From this view, philosophers have dignity only insofar as they can understand themselves wholly as minds, but if they were only minds they would not be, essentially, beings who die. “The philosopher,” Bloom claims at one point, “always thinks and acts as though he were immortal, while always being fully aware that he is mortal” (290). But how is that possible? The philosopher certainly knows that his mind without his body is nothing, and he is never foolish about that fact. He does what he can “to stay alive as long as possible”; the risk of his life for immortal glory or anything else immortal almost always seems stupid to him (290). Unlike Achilles or Saint Thomas More, he does not really act as if he were immortal, because he never forgets that all that is worthwhile to him comes to an end when his body dies. Dead men don’t philosophize. To his credit, Bloom does not portray Socrates as a martyr for the truth.

The philosopher manages both to assert radically and to deny radically the cosmic significance of his particular existence. Bloom, somewhat inconsistently, presents for our admiration the dignified “individual example” of Socrates (382, emphasis in text). All other gods and heroes have fallen before his example. Our world is evidence that the anger of Achilles and his successors has been defeated by the calculation of Socrates and his successors (285). The victory of the philosophers—real, particular, yet rational beings, not some impersonal historical process—over human anger and love, over human dignity and community, and over God himself, is meant to be the most astonishing feature of The Closing of the American Mind.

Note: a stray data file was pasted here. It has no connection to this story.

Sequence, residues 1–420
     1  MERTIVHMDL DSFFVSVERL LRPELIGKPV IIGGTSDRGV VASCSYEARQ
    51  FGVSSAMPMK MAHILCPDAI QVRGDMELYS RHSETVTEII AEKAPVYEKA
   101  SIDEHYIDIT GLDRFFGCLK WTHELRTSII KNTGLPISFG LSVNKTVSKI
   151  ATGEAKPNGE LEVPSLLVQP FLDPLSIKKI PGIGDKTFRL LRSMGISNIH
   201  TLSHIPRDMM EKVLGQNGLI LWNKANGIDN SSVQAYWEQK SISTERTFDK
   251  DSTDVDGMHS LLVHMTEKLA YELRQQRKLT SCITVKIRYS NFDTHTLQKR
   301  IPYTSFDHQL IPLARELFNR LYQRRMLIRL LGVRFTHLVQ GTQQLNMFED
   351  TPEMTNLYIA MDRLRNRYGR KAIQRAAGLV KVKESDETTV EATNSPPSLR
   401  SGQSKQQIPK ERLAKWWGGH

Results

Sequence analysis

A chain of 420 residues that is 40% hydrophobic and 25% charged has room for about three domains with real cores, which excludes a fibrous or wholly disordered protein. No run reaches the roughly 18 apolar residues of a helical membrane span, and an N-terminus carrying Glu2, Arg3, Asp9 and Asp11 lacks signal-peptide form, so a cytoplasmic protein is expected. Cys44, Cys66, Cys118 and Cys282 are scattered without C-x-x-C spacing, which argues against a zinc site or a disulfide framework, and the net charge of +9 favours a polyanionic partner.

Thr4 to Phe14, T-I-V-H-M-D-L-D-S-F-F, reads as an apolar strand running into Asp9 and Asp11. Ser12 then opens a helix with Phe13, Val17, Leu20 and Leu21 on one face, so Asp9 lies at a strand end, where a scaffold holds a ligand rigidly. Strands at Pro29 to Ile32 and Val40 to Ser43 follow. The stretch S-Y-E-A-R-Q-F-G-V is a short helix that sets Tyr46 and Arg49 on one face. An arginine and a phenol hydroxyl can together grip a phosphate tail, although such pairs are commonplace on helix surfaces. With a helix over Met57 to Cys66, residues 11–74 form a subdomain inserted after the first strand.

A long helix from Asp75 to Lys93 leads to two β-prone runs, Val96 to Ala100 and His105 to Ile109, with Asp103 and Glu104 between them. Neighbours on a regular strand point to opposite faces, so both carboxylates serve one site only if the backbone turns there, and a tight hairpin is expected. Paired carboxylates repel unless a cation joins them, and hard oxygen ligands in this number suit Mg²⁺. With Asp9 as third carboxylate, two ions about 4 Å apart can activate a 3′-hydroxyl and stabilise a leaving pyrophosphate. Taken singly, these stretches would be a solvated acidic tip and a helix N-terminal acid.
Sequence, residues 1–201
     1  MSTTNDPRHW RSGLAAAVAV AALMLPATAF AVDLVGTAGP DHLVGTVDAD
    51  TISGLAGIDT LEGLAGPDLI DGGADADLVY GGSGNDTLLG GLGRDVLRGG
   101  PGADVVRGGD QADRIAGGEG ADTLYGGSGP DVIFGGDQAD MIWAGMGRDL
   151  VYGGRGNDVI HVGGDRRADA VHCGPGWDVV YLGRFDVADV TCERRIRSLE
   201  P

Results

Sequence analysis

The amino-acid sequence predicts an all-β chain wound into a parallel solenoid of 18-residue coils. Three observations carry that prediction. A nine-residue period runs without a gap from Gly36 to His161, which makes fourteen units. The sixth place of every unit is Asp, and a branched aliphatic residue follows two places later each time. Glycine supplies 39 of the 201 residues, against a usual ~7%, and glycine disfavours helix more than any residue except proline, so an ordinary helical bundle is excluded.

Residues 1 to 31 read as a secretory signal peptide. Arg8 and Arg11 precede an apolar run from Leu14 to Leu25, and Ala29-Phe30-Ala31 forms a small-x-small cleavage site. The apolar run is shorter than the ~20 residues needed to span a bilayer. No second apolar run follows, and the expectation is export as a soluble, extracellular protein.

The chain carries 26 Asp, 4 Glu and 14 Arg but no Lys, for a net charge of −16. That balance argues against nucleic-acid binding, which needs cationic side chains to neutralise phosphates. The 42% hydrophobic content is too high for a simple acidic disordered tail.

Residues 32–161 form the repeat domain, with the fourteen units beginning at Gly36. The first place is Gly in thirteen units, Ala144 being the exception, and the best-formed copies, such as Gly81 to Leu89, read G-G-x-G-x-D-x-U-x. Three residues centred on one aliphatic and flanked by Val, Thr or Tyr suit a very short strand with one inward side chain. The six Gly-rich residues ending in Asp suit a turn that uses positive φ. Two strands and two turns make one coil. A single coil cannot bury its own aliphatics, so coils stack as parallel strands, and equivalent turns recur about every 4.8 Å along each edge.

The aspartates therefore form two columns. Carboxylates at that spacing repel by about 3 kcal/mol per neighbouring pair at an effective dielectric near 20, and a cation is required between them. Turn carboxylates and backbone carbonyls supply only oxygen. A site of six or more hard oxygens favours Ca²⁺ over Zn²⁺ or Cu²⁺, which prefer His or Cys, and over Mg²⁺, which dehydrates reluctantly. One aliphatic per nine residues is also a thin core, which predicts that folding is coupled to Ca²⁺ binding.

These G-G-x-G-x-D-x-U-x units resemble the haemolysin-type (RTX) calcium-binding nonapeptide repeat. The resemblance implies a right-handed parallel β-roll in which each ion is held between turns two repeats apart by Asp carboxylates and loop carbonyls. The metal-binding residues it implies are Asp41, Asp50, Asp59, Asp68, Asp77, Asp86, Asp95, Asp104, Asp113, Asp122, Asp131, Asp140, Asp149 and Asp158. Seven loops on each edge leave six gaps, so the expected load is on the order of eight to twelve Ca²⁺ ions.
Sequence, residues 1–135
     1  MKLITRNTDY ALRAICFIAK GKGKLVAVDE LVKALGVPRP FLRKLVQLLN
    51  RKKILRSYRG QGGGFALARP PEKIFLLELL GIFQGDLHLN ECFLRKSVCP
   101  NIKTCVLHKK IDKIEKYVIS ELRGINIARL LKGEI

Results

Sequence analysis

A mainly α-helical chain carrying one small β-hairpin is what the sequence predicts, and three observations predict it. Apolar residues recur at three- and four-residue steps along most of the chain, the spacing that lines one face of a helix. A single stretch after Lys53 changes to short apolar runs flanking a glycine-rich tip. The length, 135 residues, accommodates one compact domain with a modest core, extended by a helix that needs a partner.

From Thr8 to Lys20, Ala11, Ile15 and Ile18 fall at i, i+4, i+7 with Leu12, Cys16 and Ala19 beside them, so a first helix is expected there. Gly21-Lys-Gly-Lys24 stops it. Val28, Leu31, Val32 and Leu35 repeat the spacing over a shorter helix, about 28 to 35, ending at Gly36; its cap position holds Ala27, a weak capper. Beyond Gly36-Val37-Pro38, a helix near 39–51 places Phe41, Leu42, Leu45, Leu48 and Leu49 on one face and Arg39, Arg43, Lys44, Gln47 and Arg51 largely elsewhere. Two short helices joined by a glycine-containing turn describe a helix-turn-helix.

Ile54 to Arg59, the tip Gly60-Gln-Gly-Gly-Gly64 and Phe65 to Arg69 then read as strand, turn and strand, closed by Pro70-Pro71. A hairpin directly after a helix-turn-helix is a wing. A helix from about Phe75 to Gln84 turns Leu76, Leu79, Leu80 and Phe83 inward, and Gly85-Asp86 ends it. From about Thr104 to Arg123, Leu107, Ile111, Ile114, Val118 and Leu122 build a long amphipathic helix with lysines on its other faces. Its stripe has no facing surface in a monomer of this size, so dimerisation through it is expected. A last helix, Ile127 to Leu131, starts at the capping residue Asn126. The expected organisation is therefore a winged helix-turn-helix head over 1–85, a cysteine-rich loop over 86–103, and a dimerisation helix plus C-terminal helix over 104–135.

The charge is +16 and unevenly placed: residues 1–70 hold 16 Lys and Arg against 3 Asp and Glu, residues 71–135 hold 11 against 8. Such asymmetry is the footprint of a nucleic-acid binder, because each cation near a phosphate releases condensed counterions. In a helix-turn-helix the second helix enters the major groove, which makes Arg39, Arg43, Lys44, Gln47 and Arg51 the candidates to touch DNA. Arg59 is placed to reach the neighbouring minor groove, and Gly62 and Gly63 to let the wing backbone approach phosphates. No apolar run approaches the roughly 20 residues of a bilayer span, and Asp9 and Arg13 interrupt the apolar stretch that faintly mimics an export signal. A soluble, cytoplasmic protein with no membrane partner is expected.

According to Bloom, the authentic philosopher devalues or relativizes every way of life but his own. His purposes are not his family’s or his country’s purposes; they are, in fact, “entirely different” (290). The truthful, rational account of the whole shared only by philosophers is the foundation of the only real human community, the only real friendship, the only true common good. The existence of the community of the philosophers should be “exemplary for all other communities” (382). Bloom presents this “radical teaching” as the “one appropriate for our radical time.” The only thing that has turned out to be irreducible, incapable of being “seen through” by reason, is the “intense pleasure” (275) that accompanies theoretical insight (245). The truth is that, without this pleasure, living in light of the truth “would be intolerable” (275).

Without the continuing possibility of the pleasure of insight, philosophy would ironically have succeeded in relativizing even itself; all human lives, in light of the truth, would then become equally intolerable. That is why Nietzsche’s identification of insight with miserable anguish is the source of today’s relativism run amok. Eros, it turns out, has been devalued or one dimensionalized through reason’s complete separation of the temporal or biological being from all illusions or hopes about eternity. For Bloom, the philosopher Rousseau seems to have been right that the erotic imagination has always depended on “life-creating and -enhancing illusions” (305). Eros necessarily fades when people in general become aware—with the philosophers—that their illusions about eternity are merely illusions. From this point of view, our rock music as described by Bloomis both the least erotic and the most rational music of all time.